What kind of city has no useful restaurants in its downtown business district?

What kind of city has its pubs outnumbering restaurants by at least 3 to 1?

What kind of city has perhaps a third of said restaurants of apparently current operation locked up tight at the dinner hour on a weekday?

We gave up and walked back across the bridge to the Titletown Brewery, which at least was much less crowded by then. (God forbid citizens be out past 7.) And you know, Wisconsin may be weird but it is well known for its cheese, so we had to try the beer-and-cheese soup (spicy and rich, basically a tarted-up welsh rarebit sauce with a few diced vegetables to support the argument that it's a soup). And it is beyond my capacities to pass up a deep-fried cheese curd. These were excellent, very crisp and of a delicate flavor that demanded attention. Don't mindlessly pop these, and certainly do not drown them out completely in the tomato sauce provided. I got a salad to balance the protein, with apples and pears and cranberries -- it should have been good, but I didn't really grasp that all the fruit was sauteed with onions and poured over the salad piping hot. Steaming hot apples and onions topped with salad dressing and walnuts is weird, and in kind of a bad way. I ate a few to get in the fruit, picked out the cranberries, and left the rest. Blargh.

Happy update: We went to Al's the next day for lunch, and the burgers are great. Messy handformed patties grilled with onions right in, topped with melty processed yellow cheese, and resting on a pillowy white bun. Redemption!

Posted by foodnerd at July 23, 2008 10:55 PM

if you are still in the area and the market is going, you should ask the vendors there. they might be able to direct you to whatever place buys their produce and knows how to use it.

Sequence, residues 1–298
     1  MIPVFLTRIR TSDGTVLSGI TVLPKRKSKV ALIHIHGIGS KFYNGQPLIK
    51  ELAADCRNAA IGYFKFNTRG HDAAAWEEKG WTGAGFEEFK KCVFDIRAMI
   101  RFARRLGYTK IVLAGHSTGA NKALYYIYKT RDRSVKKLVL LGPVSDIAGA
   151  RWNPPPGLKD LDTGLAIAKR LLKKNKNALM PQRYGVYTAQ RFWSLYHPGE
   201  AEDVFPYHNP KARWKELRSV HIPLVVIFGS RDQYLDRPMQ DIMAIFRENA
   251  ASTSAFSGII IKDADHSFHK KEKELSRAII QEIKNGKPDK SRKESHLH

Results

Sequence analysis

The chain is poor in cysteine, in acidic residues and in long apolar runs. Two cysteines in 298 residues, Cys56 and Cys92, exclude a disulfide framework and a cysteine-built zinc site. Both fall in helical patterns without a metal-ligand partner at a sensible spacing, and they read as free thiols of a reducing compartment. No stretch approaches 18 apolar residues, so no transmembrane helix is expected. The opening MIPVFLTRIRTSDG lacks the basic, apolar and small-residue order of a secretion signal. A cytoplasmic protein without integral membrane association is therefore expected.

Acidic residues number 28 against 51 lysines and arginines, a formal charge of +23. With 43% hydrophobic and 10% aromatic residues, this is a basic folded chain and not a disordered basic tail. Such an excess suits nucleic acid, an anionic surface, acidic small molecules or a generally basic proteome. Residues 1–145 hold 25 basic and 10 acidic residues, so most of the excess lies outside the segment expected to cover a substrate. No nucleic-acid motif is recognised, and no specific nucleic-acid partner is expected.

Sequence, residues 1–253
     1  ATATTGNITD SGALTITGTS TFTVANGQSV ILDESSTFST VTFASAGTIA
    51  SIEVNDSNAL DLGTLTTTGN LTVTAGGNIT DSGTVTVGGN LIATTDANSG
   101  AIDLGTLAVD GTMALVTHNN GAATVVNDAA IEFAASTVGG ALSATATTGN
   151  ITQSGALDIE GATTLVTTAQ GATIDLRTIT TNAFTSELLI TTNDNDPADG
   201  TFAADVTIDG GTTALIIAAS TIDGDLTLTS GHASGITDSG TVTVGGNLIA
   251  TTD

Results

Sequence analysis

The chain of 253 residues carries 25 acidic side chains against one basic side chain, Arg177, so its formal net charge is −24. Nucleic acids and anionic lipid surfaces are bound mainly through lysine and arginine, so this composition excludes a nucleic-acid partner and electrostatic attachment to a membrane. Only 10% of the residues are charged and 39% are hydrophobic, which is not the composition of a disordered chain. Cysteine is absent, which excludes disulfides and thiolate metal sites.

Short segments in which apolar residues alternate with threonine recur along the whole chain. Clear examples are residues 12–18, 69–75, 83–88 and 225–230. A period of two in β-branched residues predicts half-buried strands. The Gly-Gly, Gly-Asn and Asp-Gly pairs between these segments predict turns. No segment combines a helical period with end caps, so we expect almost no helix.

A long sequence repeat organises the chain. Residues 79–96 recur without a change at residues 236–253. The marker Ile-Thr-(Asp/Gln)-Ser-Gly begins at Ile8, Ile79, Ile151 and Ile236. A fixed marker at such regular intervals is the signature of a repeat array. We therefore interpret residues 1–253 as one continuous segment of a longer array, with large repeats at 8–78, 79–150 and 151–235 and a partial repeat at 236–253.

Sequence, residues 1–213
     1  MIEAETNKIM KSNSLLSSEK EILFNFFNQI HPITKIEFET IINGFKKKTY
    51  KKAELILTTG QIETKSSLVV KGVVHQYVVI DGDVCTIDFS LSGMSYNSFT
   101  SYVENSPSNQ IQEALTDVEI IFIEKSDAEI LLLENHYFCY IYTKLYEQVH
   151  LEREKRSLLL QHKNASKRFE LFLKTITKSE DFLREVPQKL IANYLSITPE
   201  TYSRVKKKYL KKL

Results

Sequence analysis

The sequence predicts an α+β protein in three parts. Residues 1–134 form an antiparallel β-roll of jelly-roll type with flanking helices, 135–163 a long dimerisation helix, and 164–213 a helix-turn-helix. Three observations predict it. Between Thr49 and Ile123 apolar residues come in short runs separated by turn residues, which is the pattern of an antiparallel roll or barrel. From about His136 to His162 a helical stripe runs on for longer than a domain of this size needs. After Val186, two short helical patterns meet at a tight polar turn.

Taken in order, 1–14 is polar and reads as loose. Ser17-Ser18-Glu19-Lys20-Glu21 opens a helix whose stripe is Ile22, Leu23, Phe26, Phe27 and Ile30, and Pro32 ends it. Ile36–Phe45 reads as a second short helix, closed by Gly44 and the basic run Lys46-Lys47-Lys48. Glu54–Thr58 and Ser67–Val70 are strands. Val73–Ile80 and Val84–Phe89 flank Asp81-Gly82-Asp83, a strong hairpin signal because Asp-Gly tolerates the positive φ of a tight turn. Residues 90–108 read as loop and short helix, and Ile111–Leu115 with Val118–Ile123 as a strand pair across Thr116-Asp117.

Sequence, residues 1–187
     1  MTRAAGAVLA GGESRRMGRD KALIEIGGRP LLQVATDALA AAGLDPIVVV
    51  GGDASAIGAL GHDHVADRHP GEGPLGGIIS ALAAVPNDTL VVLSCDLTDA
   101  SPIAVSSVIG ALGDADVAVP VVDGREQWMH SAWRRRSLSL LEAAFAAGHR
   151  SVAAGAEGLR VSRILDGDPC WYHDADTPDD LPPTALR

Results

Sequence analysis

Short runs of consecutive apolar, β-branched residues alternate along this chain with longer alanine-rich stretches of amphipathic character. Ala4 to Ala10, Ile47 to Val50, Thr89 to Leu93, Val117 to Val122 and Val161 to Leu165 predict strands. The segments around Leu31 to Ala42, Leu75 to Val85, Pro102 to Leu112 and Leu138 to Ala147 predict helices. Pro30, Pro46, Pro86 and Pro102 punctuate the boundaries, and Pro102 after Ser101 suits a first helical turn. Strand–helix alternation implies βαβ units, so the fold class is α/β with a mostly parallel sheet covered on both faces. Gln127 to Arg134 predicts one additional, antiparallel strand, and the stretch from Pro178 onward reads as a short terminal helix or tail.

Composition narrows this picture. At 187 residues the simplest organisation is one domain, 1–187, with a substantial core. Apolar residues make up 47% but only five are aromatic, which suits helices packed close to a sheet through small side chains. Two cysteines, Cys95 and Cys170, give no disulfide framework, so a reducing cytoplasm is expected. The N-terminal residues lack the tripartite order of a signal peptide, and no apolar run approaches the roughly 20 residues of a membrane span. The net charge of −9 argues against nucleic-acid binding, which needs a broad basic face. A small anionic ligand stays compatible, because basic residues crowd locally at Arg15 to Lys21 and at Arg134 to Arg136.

Posted by: santos. at July 23, 2008 11:36 PM

also, ick to the sauteed onion and fruit on a salad.

found this online, looks promising: www.kavarna.com

Posted by: santos. at July 23, 2008 11:46 PM

dang. that kavarna place is possibly just around the corner from the street holding the market -- we just didn't turn off the main market area. we were definitely in that specific area -- the brewery is a block further up (Dousman St.). too bad the internet connection in my hotel room was nothing but a trickle, or I might've seen this while we were still there. alas.

thanks for investigating! we may well end up back there, so good to know. it does kind of seem like there is more going on on the broadway side of the bay than the downtown side of the bay. which is still kind of weird... i guess you just need time to really explore.

Posted by: foodnerd at July 25, 2008 02:48 PM

The Urban Frog on Broadway near the farmer's market is a good choice for healthy eating. Tasty, good combinations of veggies and breads, some organic options, and are supporters of the vendors who sell in front of their shop every week.

Posted by: at June 5, 2009 11:10 AM